Consider the process $$\rho^0\rightarrow\pi^0+\pi^0$$ The $\rho^0$ has $J=1$ whilst the two pions have $S_{tot}=0$ and thus require $L_{tot}=1$ by conservation of angular momentum. Consequently this process is forbidden because the pions are identical bosons and must have a wavefunction that is symmetric under particle exchange and $L_{tot}=1$ does not allow this.

I am happy with this but for the last sentence. Could somebody go into how the collective orbital angular momentum of a system of two particles relates to the symmetry of the two particle wavefunction under exchange of particles? Thank you for any help :)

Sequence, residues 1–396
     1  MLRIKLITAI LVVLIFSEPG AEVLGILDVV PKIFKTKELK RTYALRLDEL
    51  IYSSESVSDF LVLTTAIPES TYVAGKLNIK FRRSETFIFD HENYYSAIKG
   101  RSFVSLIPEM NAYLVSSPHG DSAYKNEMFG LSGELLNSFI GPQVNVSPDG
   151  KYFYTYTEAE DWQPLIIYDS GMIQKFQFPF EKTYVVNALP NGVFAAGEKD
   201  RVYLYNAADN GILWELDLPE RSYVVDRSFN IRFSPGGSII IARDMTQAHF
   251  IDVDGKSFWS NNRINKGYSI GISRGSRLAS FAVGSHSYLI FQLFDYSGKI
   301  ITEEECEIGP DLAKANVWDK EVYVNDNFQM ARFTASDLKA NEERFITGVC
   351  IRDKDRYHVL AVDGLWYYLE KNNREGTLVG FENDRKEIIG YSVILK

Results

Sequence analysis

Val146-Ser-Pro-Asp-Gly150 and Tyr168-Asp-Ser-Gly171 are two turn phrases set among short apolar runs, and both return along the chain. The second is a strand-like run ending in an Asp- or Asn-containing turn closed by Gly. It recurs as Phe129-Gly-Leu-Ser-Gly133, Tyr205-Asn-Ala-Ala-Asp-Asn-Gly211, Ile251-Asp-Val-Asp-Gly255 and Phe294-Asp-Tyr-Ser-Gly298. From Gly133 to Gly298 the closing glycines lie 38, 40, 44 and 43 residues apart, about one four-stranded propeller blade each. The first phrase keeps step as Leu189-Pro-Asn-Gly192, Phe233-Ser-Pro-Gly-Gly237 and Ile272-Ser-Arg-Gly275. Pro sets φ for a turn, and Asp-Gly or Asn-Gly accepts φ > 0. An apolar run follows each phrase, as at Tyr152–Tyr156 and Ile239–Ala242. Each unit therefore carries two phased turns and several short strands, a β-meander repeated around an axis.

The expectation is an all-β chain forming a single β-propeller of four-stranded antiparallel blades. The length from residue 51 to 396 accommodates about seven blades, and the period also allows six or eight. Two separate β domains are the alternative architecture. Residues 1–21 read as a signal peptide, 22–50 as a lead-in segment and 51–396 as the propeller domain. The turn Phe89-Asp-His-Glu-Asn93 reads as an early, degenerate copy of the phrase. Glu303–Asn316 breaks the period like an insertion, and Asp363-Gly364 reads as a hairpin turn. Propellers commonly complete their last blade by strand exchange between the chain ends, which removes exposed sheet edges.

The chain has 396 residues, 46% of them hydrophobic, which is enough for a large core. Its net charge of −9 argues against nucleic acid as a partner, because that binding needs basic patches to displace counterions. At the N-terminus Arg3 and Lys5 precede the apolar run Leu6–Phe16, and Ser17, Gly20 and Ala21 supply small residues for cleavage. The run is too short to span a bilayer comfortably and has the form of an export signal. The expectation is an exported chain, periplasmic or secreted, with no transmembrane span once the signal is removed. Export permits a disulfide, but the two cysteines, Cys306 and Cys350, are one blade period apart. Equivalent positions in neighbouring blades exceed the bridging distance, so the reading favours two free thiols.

1 Answer 1


This is due to the property of the angular part of the wave function, namely the spherical harmonics. When you have a parity transform (inversion through the origin), spherical harmonics transform like this: $$Y_{lm}(\theta, \phi) \rightarrow (-1)^l Y_{lm}(\theta, \phi)$$


Your Answer

By clicking “Post Your Answer”, you agree to our terms of service and acknowledge you have read our privacy policy.

Not the answer you're looking for? Browse other questions tagged or ask your own question.